LGBT attacks not hate crimes, West Virginia court rules

Chief Justice says hate crimes apply only to sex, not sexual orientation

Emily Shugerman
New York
Friday 12 May 2017 17:46 BST
(Spencer Platt/Getty Images)

West Virginia's highest court has ruled that the state’s hate crime protections do not extend to anti-LGBTQ attacks.

West Virginia currently has laws making sex-based hate crimes a prosecutable offence. But the Supreme Court of Appeals recently ruled that those crimes don’t extend to hate crimes based on gender orientation.

“Affording the undefined term ‘sex’ its common and ordinary meaning…we find the word to be clear and unambiguous and to have a very different meaning and import than the term ‘sexual orientation',” Chief Justice Allen H Loughry wrote in the majority decision.

So far, that means at least one man won’t face hate crime charges for allegedly punching a gay couple while voicing homophobic slurs.

In the early hours of 5 April 2015, the state alleges, Steward Butler pulled up to a stoplight and saw Casey Williams and Zackery Johnson kissing on the sidewalk.

He began directing anti-gay insults toward the couple, and then got out of his vehicle and “struck both Williams and Johnson in the face with his fist, knocking Williams to the ground". Some of the altercation was captured on video.

Mr Butler was indicted for both battery and “violations of an individual’s civil rights” – the state’s term for hate crimes – in May of that year. But Mr Butler challenged the decision, claiming that the state’s hate crime laws do not apply to sexual-orientation-based attacks.

The appeals court agreed.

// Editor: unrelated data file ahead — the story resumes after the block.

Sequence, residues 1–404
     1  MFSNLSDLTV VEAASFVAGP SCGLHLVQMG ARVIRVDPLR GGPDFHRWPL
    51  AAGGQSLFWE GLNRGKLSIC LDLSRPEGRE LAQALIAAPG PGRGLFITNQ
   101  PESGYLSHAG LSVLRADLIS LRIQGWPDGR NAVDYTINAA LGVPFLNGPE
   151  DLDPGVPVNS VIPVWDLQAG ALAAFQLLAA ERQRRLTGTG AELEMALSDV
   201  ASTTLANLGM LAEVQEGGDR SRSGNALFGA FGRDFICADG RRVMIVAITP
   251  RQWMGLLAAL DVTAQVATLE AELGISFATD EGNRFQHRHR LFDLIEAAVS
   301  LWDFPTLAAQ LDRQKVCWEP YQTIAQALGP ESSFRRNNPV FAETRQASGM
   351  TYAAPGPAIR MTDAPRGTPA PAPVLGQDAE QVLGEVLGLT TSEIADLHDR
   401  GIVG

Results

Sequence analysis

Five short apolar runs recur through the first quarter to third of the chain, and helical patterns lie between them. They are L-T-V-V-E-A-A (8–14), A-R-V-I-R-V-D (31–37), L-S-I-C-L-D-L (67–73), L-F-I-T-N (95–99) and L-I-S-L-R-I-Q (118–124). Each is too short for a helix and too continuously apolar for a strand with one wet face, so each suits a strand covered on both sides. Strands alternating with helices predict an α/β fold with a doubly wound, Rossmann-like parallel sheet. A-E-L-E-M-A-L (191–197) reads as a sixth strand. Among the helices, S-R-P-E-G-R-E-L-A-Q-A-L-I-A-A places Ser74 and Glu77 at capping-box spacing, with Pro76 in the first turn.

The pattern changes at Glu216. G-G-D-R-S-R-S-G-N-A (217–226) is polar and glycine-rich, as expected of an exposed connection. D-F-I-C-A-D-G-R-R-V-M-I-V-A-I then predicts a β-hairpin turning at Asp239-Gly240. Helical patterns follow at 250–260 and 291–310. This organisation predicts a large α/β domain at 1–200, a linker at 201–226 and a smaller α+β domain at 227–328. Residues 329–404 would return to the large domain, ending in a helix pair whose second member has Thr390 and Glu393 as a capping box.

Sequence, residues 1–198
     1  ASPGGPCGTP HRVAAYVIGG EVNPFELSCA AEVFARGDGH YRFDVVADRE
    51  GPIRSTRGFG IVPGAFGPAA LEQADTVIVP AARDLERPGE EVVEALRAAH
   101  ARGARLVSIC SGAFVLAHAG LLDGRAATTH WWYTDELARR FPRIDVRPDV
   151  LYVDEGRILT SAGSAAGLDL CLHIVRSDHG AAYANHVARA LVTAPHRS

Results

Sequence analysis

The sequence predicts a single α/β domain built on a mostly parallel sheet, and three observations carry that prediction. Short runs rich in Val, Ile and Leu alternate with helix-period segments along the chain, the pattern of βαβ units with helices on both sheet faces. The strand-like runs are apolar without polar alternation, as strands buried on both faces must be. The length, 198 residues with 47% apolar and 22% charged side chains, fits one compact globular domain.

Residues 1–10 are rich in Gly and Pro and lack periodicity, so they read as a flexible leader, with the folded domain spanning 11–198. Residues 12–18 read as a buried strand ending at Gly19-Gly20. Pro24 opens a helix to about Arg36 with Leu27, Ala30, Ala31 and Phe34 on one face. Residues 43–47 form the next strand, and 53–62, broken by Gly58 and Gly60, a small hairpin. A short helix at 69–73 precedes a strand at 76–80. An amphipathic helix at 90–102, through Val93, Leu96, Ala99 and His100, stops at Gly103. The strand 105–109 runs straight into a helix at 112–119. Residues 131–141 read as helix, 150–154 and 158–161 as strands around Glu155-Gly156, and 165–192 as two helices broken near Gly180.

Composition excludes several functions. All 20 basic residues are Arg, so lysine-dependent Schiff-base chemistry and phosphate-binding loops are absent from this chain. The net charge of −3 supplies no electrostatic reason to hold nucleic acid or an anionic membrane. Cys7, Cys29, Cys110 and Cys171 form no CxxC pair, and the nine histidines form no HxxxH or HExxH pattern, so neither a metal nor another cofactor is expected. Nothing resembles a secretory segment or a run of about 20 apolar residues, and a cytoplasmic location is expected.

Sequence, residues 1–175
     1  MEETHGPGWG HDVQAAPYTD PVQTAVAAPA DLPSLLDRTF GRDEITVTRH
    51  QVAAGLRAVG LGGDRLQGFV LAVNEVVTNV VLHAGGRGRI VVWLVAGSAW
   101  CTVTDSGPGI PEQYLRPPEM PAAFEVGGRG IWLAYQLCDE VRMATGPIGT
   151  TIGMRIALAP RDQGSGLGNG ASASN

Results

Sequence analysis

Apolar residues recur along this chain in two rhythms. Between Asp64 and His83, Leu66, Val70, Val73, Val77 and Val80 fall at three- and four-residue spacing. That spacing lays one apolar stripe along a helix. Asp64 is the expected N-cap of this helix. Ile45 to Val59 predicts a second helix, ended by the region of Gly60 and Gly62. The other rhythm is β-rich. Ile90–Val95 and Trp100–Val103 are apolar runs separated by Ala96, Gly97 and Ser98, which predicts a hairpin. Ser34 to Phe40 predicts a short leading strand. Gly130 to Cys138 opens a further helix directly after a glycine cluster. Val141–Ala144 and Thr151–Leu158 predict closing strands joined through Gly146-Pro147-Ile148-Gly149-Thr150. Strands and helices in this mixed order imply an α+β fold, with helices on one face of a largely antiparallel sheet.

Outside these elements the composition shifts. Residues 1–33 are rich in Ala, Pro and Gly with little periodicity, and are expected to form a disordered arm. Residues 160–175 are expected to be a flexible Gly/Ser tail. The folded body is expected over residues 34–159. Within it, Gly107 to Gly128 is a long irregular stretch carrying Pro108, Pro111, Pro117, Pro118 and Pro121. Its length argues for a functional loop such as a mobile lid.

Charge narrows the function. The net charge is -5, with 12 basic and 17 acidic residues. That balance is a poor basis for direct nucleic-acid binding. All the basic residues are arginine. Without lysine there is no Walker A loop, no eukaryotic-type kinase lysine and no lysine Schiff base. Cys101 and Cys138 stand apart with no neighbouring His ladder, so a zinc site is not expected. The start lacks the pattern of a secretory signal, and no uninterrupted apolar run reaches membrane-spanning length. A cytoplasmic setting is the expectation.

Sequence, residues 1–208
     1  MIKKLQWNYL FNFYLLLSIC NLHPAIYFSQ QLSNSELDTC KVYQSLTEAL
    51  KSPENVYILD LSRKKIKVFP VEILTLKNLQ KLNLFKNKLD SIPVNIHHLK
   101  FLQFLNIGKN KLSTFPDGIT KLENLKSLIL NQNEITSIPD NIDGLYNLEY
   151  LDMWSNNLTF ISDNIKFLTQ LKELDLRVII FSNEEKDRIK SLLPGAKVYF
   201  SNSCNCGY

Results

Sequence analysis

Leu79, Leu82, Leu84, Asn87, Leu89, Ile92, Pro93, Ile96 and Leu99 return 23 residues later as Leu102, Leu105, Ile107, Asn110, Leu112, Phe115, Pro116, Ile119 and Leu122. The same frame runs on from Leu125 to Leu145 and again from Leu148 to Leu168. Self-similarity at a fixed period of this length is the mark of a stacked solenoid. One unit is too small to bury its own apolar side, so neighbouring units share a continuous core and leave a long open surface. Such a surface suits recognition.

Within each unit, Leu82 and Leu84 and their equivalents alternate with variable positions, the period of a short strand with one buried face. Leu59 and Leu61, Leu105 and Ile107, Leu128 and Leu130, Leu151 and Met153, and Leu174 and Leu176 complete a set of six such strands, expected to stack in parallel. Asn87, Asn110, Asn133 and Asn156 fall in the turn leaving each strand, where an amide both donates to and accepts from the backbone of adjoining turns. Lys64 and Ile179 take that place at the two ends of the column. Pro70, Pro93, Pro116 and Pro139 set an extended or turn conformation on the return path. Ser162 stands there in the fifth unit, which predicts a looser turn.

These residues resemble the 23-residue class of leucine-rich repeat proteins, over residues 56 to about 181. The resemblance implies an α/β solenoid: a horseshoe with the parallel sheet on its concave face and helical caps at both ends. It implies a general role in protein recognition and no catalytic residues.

“Applying West Virginia Code § 61-6-21(b), as it is currently written, the State cannot prosecute the defendant for an alleged criminal civil rights violation arising out of the victims’ sexual orientation,” Mr Loughry wrote.

Mr Butler can now be prosecuted on two counts of battery only.

LGBTQ rights groups condemned the decision, calling it “a step in the wrong direction”.

"At a time when anti-LGBTQ hate violence is on the rise, this ruling reiterates the need to advocate for LGBTQ-inclusive hate-crime laws in all states across the nation,” the president and CEO of LGBTQ monitoring group GLAAD, Sarah Kate Ellis, said in a statement to The Independent.

FBI data shows LGBTQ individuals are more likely to be the target of hate crimes than any other minority group aside from African Americans. The FBI documented more than 1,200 LGBTQ-related hate crimes in 2015 alone.

Protections for LGBTQ individuals, however, vary widely by state. West Virginia is one of six states that list sex- or gender-based attacks as a hate crime, but do not mention sexual orientation. Twenty states lay out specific protections for both sex- and sexual-orientation-based attacks. Six states list only sexual orientation.

A bipartisan bill to add language on sexual orientation to hate crime laws was referred to the West Virginia House Judiciary Committee in March. No further action was taken.

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